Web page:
Hong Kong ‘no longer’ in travel bubble talks

Hong Kong is “no longer in travel talks” with other places because of differences in approach to containing Covid-19, the city’s health minister has revealed.

Sophia Chan Siu-chee on Saturday said the government was still aiming to strike a balance between residents’ expectation of “zero infections”, while avoiding becoming “completely cut off” from the outside world.

The long-awaited travel bubble with Singapore was ditched for good on Thursday, after the city state moved towards a policy of “living with the virus”, in contrast to Hong Kong’s stricter approach.

Hong Kong recorded three imported cases on Saturday from Kazakhstan, Venezuela and Nigeria, bringing the overall infection tally to 12,052 with 212 related fatalities.

“From my knowledge, Hong Kong is no longer in [travel bubble] talks with other countries, although the Commerce and Economic Development Bureau might have more details on the matter,” Chan told a radio programme.

The bureau later said in a reply to the Post that the government would continue to communicate with places overseas that had close economic and trade relations with Hong Kong to facilitate cross-border travel based on the pandemic situation.

Chan said being able to discuss travel bubbles with other places required a similar containment of the coronavirus pandemic in both places, as well as similar infection control strategies.

But Chan said although reopening the borders was important, it would not be ideal if any imported variant cases went into the community because of relaxed rules.

“Zero infections is still our target and we have basically achieved that for now,” she said. “We believe that many Hongkongers also have such an expectation towards the government.

“A balance needs to be struck, although Hong Kong as an international city should not be completely cut off from the outside world.”

In March, commerce minister Edward Yau Tang-wah said the government had written to Japan, South Korea, Thailand, Vietnam, Australia and New Zealand to explore quarantine-free travel bubble arrangements, with progress dependent on how the pandemic developed.

On Thursday, the European Chamber of Commerce in Hong Kong urged authorities to relax strict quarantine requirements for fully vaccinated travellers, warning a recent tightening of the rules could threaten the city’s status as an international business hub.

Earlier this week, the government elevated 15 countries to its “high-risk” category, meaning significantly tougher entry requirements and the lengthening of quarantine periods to 21 days for anyone arriving from those destinations.

Australia has been moved from low to medium risk, with fully vaccinated travellers now facing two weeks of isolation.

The chamber said many countries where the virus had recently surged had seen far fewer critical cases and deaths than last year, because of their accelerated vaccination programmes, adding their airports remained open and vaccinated travellers were not required to quarantine.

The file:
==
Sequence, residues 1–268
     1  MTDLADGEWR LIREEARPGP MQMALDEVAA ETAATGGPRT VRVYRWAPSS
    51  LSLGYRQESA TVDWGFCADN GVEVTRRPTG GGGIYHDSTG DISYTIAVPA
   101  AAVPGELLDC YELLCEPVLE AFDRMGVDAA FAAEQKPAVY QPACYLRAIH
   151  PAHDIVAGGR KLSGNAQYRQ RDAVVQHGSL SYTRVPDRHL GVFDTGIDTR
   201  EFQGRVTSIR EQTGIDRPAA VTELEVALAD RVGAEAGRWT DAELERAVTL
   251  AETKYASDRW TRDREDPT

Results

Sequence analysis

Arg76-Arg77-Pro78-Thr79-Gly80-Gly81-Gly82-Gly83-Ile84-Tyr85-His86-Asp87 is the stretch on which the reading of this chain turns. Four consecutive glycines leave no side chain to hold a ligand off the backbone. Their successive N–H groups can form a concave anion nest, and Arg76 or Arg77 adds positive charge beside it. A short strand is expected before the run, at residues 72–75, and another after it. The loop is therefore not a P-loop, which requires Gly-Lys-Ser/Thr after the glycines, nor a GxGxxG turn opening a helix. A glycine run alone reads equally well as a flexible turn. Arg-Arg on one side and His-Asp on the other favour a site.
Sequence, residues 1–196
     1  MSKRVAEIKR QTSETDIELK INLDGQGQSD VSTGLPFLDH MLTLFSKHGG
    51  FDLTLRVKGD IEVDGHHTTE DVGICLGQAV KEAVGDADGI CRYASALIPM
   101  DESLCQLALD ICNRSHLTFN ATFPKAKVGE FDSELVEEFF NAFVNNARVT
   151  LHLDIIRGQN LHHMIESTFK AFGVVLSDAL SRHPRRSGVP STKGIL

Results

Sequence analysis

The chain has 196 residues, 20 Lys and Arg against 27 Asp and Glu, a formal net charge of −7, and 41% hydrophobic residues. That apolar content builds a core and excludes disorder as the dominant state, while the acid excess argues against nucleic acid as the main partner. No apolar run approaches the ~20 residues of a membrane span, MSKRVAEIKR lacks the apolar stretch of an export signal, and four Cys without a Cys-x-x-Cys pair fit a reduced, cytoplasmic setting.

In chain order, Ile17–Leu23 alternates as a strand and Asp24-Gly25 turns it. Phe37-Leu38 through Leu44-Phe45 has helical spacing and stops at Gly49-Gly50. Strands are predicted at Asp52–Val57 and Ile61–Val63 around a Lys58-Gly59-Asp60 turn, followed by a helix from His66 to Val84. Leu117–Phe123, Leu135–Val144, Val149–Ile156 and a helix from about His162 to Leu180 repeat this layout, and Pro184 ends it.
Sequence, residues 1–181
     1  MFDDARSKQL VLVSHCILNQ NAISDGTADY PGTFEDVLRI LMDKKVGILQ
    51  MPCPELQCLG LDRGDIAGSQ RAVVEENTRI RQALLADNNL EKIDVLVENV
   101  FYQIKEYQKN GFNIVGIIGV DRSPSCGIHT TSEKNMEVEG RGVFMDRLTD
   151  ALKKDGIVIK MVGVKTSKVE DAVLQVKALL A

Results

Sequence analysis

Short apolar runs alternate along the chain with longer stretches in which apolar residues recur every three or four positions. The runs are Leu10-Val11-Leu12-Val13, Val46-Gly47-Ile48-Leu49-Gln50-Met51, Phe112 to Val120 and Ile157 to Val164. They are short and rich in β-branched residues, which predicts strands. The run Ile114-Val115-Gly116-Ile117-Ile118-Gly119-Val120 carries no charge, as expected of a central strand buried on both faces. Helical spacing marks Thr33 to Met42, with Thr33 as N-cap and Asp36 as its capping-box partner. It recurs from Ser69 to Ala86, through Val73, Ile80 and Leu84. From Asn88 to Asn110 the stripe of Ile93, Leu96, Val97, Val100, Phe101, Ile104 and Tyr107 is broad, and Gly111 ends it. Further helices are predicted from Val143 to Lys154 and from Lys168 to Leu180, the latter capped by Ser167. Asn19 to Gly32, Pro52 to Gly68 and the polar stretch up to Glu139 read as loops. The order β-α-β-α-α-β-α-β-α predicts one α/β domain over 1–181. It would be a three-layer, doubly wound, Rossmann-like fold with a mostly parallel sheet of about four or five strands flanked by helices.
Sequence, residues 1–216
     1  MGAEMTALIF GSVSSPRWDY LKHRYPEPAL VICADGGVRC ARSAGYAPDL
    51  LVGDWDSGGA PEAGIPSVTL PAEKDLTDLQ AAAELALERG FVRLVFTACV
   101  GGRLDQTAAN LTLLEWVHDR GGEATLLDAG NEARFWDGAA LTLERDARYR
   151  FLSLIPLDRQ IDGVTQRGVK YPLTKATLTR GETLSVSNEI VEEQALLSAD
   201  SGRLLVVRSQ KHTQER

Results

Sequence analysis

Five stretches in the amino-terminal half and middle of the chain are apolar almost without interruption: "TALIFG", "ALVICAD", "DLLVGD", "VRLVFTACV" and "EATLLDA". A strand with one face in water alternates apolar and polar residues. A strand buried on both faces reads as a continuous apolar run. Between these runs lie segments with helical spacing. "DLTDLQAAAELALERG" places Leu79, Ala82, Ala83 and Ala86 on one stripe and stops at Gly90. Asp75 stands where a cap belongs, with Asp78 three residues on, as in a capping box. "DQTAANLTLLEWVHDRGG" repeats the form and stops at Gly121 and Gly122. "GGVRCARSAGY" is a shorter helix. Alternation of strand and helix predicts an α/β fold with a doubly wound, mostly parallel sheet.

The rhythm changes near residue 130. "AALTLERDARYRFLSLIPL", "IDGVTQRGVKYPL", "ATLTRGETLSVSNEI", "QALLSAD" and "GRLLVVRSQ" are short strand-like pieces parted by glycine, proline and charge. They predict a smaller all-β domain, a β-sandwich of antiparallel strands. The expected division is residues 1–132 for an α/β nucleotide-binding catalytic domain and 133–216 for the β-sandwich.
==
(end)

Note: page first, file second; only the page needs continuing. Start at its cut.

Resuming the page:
The health minister was also asked about the quarantine exemption granted to Hollywood star Nicole Kidman and some of her crew ahead of the filming of Expats, a television drama for Amazon.

Chan reiterated previous government defence of the controversial decision, pointing out that the actress had arrived from Australia on August 12, when it was still deemed low risk.

She added that people flying in from “medium or high- risk” countries were less likely to be granted exemptions because of the higher accompanying risks.

The Airport Authority on Friday said targeted groups of workers who were not inoculated would not be able to call upon negative coronavirus tests or medical exemptions from September 1, while requiring all staff to get at least one vaccine dose.

Airport chiefs said employees falling under the new rules included those handling high-risk cargo or having “unavoidable close range contact” with arrival and transfer passengers or airline crew. The measures also apply to airline and ground handling staff, as well as those involved in in-flight catering, cargo loading, and cleaning.

Chan, who described the plan as “reasonable”, said if certain airport staff members could not get vaccinated because of health reasons, they could be transferred to lower-risk positions outside the restricted area.

Earlier in the week, an unvaccinated 47-year-old worker at an airline lounge was found to be infected with a coronavirus variant. Officials said she was likely to have caught Covid-19 from transit passengers, prompting calls for authorities to consider further tightening control measures at the airport.

Separately, a group of eight people sent back into quarantine after a suspected Covid-19 transmission within their hotel wrote an open letter slamming authorities for what they said was a lack of communication. The group also sought help from the United States and Finnish consulates.

Most of the group members had spent 14 days – one of them 17 – in the community after completing quarantine. They had stayed on the same floor as an infected case at Dorsett Wanchai Hotel. That transmission was deemed to have occurred across rooms.

Despite being classified as close contacts of the case, which involved the Delta variant, none in the group had tested positive. According to their complaint letter, there was also no contact-tracing done in their case even though they had already entered the community.

The group will be released from the facility at Penny’s Bay by end of August 25.

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